Azoles and their derivatives are among the often used organic corrosion inhibitors for copper. For this reason, the adsorption of four azole molecules—imidazole, triazole, tetrazole, and pentazole—on Cu(111) and Al(111) surfaces has been studied and characterized using density functional theory calculations. We find that the molecules weakly adsorb in an upright geometry through nitrogen atom(s). Molecular electronic structure is only weakly perturbed upon adsorption and the molecule–surface interaction involves the hybridization between molecular sigma-orbitals and metal states, yet the main contribution to bonding comes from the electrostatic dipole interactions due to a large dipole moment of azole molecules. With increasing the number of nitrogen atoms in azole ring the molecular electronegativity and chemical hardness linearly increase. The harder the molecule the more difficult the hybridization with metal states, which can explain why with the increasing number of nitrogen atoms in azole ring the molecule–surface bond strength decreases thus following the imidazole ) triazole ) tetrazole ) pentazole trend.
The effect of methyl, phenyl, and mercapto substituents on electronic structure of imidazole type inhibitors was characterized by density-functional-theory calculations. The most coherent trend is observed for chemical hardness. It is demonstrated that, in general, larger molecules are chemically softer provided that they belong to the same chemical type. The electronegativity is reduced by methyl and mercapto substituents and increased by phenyl substituent. It is further shown that phenyl substituent reduces the solvation free energy thus increasing the relative tendency of the molecule to get adsorbed on the surface, which may contribute to the increased inhibition effectiveness against corrosion of copper observed experimentally.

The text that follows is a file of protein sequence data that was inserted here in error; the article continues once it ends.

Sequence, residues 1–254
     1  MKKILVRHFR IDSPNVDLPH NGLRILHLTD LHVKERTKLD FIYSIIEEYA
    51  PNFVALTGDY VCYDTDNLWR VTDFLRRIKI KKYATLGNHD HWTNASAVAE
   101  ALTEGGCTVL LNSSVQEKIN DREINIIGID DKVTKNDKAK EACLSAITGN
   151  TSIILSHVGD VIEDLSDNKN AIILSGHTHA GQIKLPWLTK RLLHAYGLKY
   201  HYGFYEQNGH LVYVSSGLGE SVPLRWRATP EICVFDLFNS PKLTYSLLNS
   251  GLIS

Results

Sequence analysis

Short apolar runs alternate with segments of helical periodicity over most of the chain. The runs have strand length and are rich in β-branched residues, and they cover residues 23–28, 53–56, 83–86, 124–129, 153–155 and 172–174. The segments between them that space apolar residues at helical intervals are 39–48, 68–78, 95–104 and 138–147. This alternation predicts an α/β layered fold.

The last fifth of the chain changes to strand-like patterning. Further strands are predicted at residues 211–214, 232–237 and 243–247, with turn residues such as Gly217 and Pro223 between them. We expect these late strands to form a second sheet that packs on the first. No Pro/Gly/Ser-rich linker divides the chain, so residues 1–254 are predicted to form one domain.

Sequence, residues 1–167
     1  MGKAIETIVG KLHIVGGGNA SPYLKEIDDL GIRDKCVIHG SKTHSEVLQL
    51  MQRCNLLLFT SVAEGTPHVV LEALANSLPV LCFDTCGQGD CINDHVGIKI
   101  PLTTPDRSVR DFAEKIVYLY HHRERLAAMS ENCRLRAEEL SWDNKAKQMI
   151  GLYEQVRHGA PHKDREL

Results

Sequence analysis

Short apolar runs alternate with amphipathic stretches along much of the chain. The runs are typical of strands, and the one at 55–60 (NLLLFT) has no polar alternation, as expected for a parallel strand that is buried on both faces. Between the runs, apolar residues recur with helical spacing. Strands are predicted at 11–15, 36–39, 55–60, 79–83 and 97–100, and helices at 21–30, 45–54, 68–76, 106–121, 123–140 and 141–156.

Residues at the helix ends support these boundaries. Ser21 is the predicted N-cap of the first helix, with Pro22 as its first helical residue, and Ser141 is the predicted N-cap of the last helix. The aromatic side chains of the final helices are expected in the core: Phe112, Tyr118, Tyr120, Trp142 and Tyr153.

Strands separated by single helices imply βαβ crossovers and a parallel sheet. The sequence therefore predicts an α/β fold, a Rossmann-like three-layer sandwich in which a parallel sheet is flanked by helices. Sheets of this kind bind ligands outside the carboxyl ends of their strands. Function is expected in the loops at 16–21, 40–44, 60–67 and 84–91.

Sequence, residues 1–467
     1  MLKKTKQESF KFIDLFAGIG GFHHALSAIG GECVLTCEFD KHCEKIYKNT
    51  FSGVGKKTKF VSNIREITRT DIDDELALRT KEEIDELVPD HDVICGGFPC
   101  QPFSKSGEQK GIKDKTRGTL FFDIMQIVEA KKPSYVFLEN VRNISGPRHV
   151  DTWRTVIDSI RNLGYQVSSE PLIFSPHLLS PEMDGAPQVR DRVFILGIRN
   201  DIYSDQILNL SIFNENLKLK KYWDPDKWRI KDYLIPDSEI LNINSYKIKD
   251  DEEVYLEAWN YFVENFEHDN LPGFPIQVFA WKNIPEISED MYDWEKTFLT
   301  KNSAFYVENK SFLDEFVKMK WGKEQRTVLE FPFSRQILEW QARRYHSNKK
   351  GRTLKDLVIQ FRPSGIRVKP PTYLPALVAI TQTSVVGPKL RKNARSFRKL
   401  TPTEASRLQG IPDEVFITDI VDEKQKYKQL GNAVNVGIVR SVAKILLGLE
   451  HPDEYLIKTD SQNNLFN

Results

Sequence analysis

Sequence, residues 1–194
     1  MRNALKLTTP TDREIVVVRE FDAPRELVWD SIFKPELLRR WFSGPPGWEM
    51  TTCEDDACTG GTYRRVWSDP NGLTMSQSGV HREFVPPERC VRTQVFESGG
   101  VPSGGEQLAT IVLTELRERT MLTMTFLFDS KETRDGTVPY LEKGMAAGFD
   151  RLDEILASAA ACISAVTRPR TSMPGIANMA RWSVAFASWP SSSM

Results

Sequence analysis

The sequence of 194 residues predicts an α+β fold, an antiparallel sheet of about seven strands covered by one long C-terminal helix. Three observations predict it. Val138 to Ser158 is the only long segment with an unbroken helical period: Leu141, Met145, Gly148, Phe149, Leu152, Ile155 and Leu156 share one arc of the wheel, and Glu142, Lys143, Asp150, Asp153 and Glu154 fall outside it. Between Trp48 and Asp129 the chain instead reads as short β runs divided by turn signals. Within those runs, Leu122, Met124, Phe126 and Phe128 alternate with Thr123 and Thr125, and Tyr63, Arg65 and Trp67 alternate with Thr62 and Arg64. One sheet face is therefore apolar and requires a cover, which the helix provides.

The gas-phase adsorption of triazole, benzotriazole, and naphthotriazole—considered as corrosion inhibitors—on copper surfaces was studied and characterized using density functional theory (DFT) calculations. We find that the molecule–surface bond strength increases with increasing molecular size, thus following the sequence: triazole ( benzotriazole ( naphthotriazole. This trend is explained in terms of molecular electronegativity and chemical hardness, which decrease monotonously as the molecular size increases. While the electronegativity of triazole is almost degenerate with the work function of Cu(111) surface, the electronegativity of larger acenotriazoles is smaller. The difference in electronegativity between the Cu(111) and the acenotriazoles thus increases with increasing the molecular size, which, together with decreasing the molecular hardness, results in larger molecule-to-metal electron charge transfer and stronger molecule–surface bonds.